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Conan #18

Posted: Thursday, August 25, 2005
By: Keith Dallas



“Helm” / “Conan’s Favorite Joke”

Writers: Kurt Busiek, Fabian Nicieza
Artists: John Severin, Bruce Timm

Publisher: Dark Horse Comics


I realize the 19th issue of Dark Horse’s Conan just hit the stands, but if I may comment belatedly on Conan #18…

It’s an exemplary issue for a few reasons:

1. It’s a exceedingly entertaining “stand alone” issue. Most readers under the age of 25 right now are probably asking, “what’s a ‘stand alone’ issue?” It’s an issue that presents a complete story between the covers. In other words, the story does not continue into (or continue from) another issue. No, I’m not crazy. Complete comic book stories CAN be told in 22 pages (Hell, Conan #18 tells TWO stories in 22 pages…, although granted, one of these stories is a quick “set-up/punchline” endeavor). Believe it or not, a few decades ago, comic books regularly presented complete stories in one issue. There were no four or six issue story arcs. I swear to you, my beloved readers, I am not yanking your chain; you can see for yourself by perusing any of the DC Archives or Marvel Masterworks collecting issues from the 1960s/70s.

And don’t get me wrong: I can enjoy the multi-issue story arc just as much as the next serial fiction addict, but too many publishers/editors no longer recognize how enjoyable these self-contained issues can be for readers (as well as how well these issues can pull in new readers).

2. The man who provided the artwork for this issue’s main story is the legendary John Severin, who, if you’re not aware, has been drawing comic books since the late 1940s. Conan #18 presents the work of a man who will forever be recognized as one of the most prolific artists in the history of comic books (contributing significantly not only to Silver Age Marvel Comics but also 1950s EC Comics) and is currently 83 years old (born December, 1921). I wish one tenth of today’s comic books presented artwork as finely detailed and nuanced as what John Severin provides in this issue. Most impressive are the painstaking cross hatched shadows that can be found in EVERY panel. By “every panel,” I mean EVERY PANEL in the comic book. I’d be hard-pressed to name a younger contemporary artist who cross-hatches with the kind of frequency (and effectiveness) I see here. The clear and varied facial expressions that Severin provides are also noteworthy: anger, fear, concern, shock, exhilaration, annoyance, guile, intrigue, conceit. And I can’t stop turning back to the beginning of the issue and a two page spread, portraying two forces charging each other at the edge of a town. A spectacular wealth of detail is supplied within this chaotic melee.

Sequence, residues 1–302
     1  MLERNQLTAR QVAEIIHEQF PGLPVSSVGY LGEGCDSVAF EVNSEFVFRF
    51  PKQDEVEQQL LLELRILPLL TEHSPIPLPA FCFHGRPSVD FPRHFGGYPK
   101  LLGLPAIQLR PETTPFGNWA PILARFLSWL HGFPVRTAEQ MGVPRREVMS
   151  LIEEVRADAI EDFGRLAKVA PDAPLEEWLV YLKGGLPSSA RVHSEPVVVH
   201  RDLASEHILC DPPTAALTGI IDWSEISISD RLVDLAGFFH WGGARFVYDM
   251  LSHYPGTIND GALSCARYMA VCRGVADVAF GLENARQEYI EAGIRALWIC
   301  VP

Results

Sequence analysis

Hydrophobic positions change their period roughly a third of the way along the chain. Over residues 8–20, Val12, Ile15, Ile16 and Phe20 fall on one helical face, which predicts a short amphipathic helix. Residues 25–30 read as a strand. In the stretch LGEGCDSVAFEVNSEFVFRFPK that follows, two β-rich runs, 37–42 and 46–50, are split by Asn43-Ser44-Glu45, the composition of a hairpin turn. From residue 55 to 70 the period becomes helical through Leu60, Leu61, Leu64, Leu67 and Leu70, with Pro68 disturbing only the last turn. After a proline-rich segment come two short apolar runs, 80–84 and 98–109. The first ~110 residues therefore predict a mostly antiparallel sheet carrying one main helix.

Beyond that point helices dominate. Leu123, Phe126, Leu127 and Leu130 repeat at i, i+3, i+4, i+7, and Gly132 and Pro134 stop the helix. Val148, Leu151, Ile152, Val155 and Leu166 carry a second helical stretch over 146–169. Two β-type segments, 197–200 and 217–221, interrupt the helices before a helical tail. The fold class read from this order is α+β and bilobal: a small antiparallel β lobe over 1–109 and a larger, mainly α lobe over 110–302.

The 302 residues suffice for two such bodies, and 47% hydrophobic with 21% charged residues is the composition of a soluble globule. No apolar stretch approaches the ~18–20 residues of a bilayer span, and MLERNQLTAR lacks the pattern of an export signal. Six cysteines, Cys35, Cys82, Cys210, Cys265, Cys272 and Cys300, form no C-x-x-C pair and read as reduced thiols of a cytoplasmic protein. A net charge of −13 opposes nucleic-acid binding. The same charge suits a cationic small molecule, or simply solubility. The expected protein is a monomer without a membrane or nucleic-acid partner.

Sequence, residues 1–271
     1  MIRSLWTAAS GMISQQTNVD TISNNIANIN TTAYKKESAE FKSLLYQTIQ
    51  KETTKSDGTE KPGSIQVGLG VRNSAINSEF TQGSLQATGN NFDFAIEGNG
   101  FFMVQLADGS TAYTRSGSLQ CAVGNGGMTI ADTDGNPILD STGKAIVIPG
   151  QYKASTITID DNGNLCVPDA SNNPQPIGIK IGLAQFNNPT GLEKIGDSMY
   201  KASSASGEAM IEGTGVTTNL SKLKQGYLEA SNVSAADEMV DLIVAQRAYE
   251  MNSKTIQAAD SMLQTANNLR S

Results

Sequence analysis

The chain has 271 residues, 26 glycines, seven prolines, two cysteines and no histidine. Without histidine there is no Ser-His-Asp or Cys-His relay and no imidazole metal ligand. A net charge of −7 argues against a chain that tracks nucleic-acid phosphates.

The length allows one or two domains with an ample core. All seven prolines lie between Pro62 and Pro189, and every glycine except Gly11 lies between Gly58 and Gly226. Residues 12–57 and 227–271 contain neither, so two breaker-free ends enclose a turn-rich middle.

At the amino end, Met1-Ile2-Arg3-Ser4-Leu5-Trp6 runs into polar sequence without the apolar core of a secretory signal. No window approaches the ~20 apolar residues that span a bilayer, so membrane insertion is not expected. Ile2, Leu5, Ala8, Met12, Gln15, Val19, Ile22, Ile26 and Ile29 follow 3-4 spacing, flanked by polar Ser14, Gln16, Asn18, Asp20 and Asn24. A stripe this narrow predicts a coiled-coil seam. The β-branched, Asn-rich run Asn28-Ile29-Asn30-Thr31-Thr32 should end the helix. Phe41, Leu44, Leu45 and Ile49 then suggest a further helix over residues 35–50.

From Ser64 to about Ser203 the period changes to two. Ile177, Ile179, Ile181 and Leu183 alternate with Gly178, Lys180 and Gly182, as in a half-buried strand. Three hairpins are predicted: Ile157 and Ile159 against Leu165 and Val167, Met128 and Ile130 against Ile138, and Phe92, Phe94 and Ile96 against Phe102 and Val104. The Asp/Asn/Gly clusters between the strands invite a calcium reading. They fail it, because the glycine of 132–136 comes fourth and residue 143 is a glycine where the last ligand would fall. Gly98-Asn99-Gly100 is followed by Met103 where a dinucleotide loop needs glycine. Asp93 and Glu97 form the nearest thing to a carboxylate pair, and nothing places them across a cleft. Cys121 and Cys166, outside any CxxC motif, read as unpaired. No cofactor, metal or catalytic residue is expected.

3. The main story “Helm” is a clever narrative in which Conan doesn’t even appear. Instead, the story follows the path Conan’s helmet (which he lost when ambushed by giants in a previous issue) takes from person to person as it gets found, stolen, purchased, confiscated, prophesized about, and, of course, worn in battle. An archer at the beginning of the story claims, “[it’s] bad luck to wear armor someone’s died in,” and at that point, a reader might believe an ironic story about a “cursed helmet” is unfolding (even though we are aware that Conan didn‘t die in that helmet). However, the story is not about irony or cursed objects influencing someone’s fate but about how uniformly violent and hopeless Conan’s world is, where everyone‘s fate is the same. Throughout the story, the helmet indeed protects none of its wearers from being robbed or killed. Whether someone lives or dies depends on happenstance: crossing the Hyrkanian border at the wrong time, being an inhabitant of the wrong village that is about to be attacked by overwhelming forces, finding oneself instead of one’s comrade the target of an enemy archer. In Conan’s world the wearing of a helmet does not improve one‘s chances of remaining alive. There is no sufficient protection against violent chance.


This short story’s theme along with the incomparable workmanship of John Severin’s artwork creates an exceptional issue. If you were waiting for the “perfect” issue before giving Dark Horse’s Conan a try, this may be it. It’s worth your time to see if your retailer has any leftover copies.



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